The resolution and clarity are astounding, a joy to read on, and give me hope that one day we could potentially achieve near print resolution in computing. The new iPad screen is everything I’ve always wanted on my desktops and laptops for the last 5 years, but I could never get.
The new iPad is incredible. In comparing the resolution of the iPad 2 and the 3rd generation iPad, you can clearly see a difference, a leap, in the quality of the display. Things seem sharper, clearer, more real. The boost in processor speed means graphics are shown faster, apps are snappier, pages load faster.
We’re not there yet, but as Jeff says, the new iPad gives us hope that one day soon, we will have devices that display no differently than printed matter. Electronic devices will never fully replace printed matter - we will always need tactile, sensory input in the form of print - but we can hope that we no longer think in digital or pixels but the quality of the content. Much like we used to view the Encyclopaedia Brittanica as a gateway to a world of printed knowledge (where the notion quality was gained from both the printed design and the quality of the content), soon devices will be able to provide us print-quality content almost instanteously (the quality of the knowledge is up to the user’s choice of material … ooh look lolcats!).
In using the new iPad, it’s actually not viewing photos or big graphics that impresses me. Don’t get me wrong, it is impressive to view photos on the new iPad. But what really impresses me as a design nerd is the small details that are now able to be rendered with the new display. Small borders, shadows, minor details - these all were hard to determine on the iPad 2. But now they are clear, like viewing the borders on a printed page. In fact, it’s almost jarring to look at non-Retina apps - the jagged edges of the lower-quality icons distracts from the experience of the application. If you are developing a purely iPad application, you should have already had Retina graphics ready to go (and if you haven’t, get started now).
At the point where these simple, fixed function Post-PC era computing devices are not just “enough” computer for most folks, but also fundamentally innovating in computing as a whole … well, all I can say is bring on the post-PC era.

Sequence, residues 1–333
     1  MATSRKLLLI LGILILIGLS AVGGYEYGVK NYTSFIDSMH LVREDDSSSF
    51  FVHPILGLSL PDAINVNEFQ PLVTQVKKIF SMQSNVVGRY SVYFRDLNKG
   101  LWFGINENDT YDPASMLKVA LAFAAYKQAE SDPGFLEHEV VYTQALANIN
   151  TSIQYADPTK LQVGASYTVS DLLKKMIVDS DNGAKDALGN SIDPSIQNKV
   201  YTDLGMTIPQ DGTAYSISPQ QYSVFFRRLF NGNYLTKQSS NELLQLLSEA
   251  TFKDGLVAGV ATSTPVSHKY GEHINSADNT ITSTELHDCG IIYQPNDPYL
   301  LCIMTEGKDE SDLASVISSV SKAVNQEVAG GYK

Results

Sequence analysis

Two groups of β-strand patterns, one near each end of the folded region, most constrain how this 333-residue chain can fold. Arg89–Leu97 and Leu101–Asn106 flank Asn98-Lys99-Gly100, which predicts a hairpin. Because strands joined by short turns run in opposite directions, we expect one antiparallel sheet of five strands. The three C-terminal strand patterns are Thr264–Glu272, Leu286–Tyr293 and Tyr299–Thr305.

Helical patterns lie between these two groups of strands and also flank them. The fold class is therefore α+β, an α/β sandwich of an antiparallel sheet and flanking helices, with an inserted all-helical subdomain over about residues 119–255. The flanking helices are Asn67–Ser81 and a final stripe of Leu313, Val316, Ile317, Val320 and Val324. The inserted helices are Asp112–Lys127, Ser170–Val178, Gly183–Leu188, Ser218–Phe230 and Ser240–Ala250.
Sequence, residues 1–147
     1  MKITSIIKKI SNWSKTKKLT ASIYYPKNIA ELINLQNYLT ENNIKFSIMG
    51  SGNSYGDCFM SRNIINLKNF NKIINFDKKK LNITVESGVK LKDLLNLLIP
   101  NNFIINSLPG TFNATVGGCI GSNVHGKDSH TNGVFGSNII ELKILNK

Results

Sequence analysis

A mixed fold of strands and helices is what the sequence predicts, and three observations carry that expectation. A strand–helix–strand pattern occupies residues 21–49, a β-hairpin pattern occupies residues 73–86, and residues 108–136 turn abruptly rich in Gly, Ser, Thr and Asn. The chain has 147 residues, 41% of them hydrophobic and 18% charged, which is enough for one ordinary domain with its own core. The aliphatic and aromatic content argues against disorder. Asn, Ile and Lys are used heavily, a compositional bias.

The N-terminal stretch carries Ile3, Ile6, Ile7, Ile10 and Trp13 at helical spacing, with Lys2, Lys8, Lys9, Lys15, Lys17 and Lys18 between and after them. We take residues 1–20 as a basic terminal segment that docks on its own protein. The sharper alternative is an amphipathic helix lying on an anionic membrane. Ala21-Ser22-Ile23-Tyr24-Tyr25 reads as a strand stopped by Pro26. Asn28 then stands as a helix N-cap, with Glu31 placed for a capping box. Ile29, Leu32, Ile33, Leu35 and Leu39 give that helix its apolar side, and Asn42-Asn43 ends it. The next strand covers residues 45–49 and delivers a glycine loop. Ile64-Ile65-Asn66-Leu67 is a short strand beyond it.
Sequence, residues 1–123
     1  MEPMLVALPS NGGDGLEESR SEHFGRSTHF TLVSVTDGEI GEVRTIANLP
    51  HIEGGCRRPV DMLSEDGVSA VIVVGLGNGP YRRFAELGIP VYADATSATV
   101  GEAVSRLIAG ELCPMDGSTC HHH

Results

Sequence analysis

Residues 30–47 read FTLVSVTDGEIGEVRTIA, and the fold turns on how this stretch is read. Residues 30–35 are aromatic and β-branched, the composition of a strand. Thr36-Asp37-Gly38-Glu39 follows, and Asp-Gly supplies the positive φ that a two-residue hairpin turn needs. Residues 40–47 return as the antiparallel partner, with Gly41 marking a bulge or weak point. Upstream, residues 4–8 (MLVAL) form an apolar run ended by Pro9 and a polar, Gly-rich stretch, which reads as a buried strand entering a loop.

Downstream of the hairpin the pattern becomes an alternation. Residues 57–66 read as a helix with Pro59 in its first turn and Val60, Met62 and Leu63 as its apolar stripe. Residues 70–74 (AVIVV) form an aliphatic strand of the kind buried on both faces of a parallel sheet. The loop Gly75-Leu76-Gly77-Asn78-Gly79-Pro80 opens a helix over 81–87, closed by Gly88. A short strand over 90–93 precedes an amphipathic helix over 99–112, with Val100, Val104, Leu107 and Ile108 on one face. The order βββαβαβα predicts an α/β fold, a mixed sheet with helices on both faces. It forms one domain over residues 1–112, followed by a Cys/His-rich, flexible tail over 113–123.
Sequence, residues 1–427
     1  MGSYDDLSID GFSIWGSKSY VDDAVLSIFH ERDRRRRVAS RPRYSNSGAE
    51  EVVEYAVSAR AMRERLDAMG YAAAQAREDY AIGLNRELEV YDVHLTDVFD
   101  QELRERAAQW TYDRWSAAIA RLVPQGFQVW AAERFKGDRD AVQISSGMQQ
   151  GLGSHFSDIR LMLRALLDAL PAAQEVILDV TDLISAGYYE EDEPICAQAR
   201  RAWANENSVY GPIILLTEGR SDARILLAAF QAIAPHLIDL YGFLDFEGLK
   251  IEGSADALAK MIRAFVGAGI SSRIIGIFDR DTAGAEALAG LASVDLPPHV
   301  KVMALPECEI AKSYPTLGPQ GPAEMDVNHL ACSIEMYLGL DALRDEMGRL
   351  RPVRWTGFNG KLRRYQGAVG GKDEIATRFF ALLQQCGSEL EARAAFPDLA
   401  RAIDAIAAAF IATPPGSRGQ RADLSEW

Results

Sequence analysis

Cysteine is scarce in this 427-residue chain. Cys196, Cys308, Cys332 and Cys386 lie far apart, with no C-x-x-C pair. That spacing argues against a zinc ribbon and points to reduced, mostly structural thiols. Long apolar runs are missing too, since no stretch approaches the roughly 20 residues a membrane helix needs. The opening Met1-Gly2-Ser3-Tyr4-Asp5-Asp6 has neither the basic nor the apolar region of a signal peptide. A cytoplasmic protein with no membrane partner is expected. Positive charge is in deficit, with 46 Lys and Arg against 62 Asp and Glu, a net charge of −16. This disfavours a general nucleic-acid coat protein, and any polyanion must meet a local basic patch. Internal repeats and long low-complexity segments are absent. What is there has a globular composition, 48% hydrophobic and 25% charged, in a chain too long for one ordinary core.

I will be giving my current iPad 2 to my parents. It will be very interesting to see at what rate they use the iPad versus their existing desktop and laptop environments. I’m guessing there will be questions, there will be some confusion, but they will begin to use it more and more over the traditional choices.
Anecdotal evidence of other similar age users adopting iPads suggests to me that I’ll need to have a range of apps pre-loaded that would suit their needs, as the App Store still remains a complete mess for finding quality apps. I’ll have to spend some time with them as they both use it initially, but baby steps first. But once they’re up and running, I hope that they will begin to explore and use the iPad for themselves.
One of the most impressive things that I have seen about the introduction of the iPhone and the iPad is how older generations have taken the devices onboard for themselves. They are teaching each other, in cafes, in restaurants, at dinners. This same age range used to ask us for help with setting up the VHS, then the computer, then the Internet. Now they are exploring and teaching each other because the device is simple, elegant and straight-forward. That’s incredible.
I hope that, like I did, my parents (and others of their generation) will begin to realise that the best device is the one that gets out of your way and lets you enjoy viewing and creating content. The new iPad just improves on that - the speed of the new processor(s) and the quality of the display is so good that you begin to ignore the device entirely.
It’s a new world, and I’m looking forward to it.